From desert gardener and intrepid front-pager Cheryl R:
Here are a couple of photos of a covey of metal quail I bought from an artist at a Roseburg arts and crafts show while I was in Oregon.
I am reworking my flowerbeds and plan to plant a trumpet vine behind them. The other side of the wall is a six-foot drop to the driveway. I removed several Russian sage. Nobody told me they send up suckers – ugh! I notice they’re not being sold as widely as they were for a while.
I am pleased with my quail.
What’s going on in your garden(s) this week?
And for those among us who have ever been frustrated by the indigenous wildlife’s ‘landscape redecoration’, a bonus story from the Toronto Star — “Toronto built a better green bin and — oops — maybe a smarter raccoon”:
In January, as the city of Toronto rolled out its final fleet of new raccoon-resistant green bins, Suzanne MacDonald was flooded with emails from citizens fretting about the fate of the masked bandits known for pillaging our food waste.
The worried residents wrote to MacDonald, an animal behaviourist and known raccoon sympathizer, because they hadn’t seen the creatures creeping through their backyards lately, and were beginning to wonder: Where are they? Are they starving to death? Have they been forced to relocate in search of nourishment? What have we done to the raccoons?
Designed with a special raccoon-resistant lock, Toronto’s new organic waste bins, which the city began distributing to great fanfare in 2016, were perhaps the greatest human effort in what we like to call our “war” against the raccoons. The animals had been effortlessly pillaging our first-generation green bins for more than a decade, leaving morning messes for us to scrape from our driveways and sidewalks. The city’s search for a new-and-improved bin had identified animal resistance, “especially for raccoons,” as a top priority.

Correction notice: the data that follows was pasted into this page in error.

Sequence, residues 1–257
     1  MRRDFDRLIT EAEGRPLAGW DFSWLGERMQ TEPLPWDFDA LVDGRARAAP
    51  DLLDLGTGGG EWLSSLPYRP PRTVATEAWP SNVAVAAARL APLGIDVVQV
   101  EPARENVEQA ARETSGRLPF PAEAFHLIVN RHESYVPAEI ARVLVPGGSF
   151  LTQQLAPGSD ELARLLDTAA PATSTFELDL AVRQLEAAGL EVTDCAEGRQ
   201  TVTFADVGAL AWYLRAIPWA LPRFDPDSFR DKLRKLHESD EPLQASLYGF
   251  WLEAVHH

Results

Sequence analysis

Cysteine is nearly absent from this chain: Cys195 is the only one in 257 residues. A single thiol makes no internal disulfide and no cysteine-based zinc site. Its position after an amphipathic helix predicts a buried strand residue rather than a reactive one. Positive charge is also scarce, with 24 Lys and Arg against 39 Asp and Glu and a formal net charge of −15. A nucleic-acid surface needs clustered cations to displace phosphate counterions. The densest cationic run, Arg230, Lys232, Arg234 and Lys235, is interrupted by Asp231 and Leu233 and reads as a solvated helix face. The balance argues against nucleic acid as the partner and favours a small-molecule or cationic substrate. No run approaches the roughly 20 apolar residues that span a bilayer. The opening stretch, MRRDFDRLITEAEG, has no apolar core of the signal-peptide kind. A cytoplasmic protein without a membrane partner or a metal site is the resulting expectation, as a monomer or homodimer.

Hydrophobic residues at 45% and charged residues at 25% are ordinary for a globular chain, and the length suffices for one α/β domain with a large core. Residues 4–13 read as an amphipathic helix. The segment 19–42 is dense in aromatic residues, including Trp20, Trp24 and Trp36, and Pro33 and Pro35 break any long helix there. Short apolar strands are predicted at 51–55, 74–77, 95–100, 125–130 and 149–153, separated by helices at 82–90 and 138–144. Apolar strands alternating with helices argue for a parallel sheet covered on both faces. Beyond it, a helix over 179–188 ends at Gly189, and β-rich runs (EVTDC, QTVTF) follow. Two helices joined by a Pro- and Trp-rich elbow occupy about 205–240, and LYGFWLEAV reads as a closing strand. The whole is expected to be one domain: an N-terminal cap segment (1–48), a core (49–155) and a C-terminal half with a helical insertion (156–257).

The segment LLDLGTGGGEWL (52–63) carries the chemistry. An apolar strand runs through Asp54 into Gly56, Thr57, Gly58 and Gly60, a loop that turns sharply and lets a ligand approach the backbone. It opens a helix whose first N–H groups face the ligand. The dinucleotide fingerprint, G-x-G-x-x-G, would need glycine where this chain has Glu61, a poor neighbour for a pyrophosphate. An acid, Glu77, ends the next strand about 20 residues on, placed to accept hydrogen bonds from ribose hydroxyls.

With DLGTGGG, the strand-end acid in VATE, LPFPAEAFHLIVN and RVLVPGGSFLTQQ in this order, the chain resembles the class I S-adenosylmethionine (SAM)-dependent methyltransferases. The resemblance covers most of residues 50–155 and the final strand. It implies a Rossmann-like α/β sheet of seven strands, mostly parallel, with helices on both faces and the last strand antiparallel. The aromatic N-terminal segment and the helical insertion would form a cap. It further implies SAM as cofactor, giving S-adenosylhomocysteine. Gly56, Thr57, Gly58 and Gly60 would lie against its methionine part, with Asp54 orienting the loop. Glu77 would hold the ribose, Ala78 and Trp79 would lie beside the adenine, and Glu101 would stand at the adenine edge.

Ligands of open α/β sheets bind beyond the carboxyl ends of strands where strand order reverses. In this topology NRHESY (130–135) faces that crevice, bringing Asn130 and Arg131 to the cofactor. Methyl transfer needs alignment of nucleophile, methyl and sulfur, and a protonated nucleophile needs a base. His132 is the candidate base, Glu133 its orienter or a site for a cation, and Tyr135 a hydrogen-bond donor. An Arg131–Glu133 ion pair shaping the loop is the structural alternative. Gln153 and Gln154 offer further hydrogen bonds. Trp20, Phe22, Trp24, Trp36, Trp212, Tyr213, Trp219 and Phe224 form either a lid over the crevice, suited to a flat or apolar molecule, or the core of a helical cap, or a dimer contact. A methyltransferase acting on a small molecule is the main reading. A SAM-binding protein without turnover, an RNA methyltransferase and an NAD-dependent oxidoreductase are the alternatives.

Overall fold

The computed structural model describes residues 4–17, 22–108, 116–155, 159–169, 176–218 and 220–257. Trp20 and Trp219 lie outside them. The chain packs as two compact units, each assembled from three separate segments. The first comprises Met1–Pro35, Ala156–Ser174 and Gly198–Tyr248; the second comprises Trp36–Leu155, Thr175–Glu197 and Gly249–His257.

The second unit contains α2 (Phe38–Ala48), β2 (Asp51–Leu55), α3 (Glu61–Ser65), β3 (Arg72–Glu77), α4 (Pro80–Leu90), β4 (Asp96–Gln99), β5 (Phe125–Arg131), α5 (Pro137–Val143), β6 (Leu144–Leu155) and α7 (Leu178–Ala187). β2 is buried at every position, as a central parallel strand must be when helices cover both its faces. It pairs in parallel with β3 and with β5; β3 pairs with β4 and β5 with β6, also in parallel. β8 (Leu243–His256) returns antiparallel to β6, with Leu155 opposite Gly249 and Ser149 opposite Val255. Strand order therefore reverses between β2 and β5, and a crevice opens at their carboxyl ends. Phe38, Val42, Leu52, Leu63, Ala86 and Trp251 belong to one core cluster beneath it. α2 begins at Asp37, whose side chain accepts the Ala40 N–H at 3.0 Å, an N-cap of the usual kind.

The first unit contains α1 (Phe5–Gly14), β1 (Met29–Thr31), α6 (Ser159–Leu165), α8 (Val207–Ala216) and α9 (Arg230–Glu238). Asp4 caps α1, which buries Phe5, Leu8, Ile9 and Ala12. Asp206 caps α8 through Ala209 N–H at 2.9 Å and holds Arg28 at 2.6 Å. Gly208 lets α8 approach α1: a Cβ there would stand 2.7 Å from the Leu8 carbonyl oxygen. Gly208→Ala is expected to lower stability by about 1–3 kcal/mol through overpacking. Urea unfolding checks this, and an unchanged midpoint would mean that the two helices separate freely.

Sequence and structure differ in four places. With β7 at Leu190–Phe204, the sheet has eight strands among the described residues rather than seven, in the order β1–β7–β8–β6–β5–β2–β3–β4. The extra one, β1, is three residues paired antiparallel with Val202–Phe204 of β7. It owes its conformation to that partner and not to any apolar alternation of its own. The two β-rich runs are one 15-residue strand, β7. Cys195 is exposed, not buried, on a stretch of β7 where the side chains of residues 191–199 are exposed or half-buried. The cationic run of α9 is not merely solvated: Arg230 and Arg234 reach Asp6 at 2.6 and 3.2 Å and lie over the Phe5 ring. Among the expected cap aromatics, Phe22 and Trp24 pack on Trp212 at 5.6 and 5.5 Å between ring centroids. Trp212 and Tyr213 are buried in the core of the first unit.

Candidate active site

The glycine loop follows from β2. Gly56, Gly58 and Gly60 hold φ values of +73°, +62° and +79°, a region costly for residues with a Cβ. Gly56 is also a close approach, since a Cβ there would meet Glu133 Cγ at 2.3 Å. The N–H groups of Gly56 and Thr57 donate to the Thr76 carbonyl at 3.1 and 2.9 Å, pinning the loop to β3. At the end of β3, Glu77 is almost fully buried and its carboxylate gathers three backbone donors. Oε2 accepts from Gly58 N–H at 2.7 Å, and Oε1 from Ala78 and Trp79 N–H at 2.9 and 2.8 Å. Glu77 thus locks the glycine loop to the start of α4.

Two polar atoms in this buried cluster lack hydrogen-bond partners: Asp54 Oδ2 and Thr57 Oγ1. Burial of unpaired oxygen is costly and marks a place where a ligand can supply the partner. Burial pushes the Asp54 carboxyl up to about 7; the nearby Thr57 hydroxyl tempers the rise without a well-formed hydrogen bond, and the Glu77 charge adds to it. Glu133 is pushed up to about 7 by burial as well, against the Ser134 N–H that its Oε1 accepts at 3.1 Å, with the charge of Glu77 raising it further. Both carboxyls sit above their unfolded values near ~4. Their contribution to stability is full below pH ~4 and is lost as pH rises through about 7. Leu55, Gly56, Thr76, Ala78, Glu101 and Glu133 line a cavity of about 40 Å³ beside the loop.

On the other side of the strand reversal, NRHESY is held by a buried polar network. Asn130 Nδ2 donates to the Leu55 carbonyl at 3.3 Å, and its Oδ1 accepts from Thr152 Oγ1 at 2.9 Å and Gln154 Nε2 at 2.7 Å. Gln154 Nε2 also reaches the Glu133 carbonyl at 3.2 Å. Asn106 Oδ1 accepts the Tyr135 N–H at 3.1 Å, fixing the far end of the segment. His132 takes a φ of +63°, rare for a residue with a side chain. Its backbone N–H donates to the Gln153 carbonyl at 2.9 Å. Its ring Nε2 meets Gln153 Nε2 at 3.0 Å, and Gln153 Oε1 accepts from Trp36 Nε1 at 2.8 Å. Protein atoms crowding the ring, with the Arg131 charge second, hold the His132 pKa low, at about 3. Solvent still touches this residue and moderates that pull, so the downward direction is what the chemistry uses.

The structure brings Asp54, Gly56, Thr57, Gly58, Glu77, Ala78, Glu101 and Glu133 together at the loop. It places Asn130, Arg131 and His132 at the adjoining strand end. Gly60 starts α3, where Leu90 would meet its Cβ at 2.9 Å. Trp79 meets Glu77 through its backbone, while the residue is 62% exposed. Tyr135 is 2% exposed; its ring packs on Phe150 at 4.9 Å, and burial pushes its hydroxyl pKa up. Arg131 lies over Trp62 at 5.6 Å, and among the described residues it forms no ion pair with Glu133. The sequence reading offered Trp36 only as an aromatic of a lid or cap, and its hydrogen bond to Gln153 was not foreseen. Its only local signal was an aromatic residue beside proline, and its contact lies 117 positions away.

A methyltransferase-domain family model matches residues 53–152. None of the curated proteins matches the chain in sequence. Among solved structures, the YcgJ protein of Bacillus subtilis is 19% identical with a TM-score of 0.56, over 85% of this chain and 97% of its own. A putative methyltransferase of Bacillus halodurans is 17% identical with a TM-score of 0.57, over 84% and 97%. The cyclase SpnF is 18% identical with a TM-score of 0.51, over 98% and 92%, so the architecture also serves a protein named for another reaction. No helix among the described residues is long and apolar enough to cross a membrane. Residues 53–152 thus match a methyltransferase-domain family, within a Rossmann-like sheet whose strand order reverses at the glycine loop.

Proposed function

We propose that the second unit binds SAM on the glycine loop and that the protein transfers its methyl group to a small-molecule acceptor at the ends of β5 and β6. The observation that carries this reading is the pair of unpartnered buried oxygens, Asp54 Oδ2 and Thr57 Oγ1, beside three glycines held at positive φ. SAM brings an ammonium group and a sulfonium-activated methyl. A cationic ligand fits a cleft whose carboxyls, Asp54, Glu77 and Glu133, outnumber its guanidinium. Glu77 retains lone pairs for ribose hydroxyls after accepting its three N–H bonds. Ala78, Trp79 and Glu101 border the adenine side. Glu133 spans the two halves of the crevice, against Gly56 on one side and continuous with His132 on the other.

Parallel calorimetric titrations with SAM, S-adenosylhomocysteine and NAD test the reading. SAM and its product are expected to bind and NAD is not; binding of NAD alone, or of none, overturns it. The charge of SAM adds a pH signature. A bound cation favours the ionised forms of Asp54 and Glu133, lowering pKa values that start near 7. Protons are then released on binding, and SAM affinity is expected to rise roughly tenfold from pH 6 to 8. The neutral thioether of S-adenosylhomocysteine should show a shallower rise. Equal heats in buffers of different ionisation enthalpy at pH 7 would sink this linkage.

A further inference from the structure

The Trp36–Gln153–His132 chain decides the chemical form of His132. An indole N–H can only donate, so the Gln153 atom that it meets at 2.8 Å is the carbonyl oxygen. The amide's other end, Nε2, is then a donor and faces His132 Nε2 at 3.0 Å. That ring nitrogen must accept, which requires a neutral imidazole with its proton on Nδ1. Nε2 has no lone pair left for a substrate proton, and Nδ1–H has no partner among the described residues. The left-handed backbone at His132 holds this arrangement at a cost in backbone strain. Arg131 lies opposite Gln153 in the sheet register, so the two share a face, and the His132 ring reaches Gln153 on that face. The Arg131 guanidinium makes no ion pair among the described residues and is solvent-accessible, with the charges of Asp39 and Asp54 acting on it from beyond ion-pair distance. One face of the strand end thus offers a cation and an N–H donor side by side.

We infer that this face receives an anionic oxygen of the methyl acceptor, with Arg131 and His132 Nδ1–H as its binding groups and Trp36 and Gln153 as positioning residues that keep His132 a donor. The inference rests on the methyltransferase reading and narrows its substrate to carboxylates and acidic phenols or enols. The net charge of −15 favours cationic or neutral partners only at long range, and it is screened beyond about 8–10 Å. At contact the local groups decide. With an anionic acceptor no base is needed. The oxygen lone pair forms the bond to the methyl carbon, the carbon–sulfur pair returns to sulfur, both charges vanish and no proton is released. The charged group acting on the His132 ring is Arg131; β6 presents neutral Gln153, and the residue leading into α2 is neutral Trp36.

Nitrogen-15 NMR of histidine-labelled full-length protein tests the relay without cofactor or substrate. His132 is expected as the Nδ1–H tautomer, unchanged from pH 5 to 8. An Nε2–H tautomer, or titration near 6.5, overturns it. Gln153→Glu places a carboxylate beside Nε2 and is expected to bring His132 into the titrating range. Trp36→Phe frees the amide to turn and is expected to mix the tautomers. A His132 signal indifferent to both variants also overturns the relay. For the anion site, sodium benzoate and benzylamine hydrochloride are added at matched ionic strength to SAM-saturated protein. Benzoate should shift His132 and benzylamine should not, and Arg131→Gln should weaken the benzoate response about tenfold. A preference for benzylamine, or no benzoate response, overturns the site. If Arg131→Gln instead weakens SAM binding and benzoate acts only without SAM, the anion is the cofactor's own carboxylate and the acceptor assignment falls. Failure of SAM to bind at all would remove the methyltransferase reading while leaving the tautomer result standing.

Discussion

The $31-million contract gave us roughly half a million bins, a decade of maintenance and a promise: that raccoons would have great difficulty penetrating the clever new receptacles. City politicians called the bins “raccoon-proof.” The bin maker — and MacDonald, who ran field tests on the prototypes — used the term “raccoon-resistant” because, well, you just never know…
Twelve months before the rollout of the new bins in Toronto’s west end, MacDonald had started logging the body mass index of raccoons killed in traffic. “Very glamorous work,” she called it. Her goal was to find out whether the loss of a steady food source would make our famously fat raccoons leaner.
MacDonald said I was welcome to join her for the next weigh-in. I put the appointment in my calendar: “Measuring dead raccoons.”
Over several months, I followed MacDonald’s research, expecting to learn how raccoons were adapting to life without green bins. But as a long winter melted into spring, things got weird, and my simple inquiry turned into an accidental investigation. A viral video with a curious backstory and suspicious activity in my own laneway shifted my focus from whether the green bins were starving the raccoons, to whether the animals had found a way, once again, to outsmart us…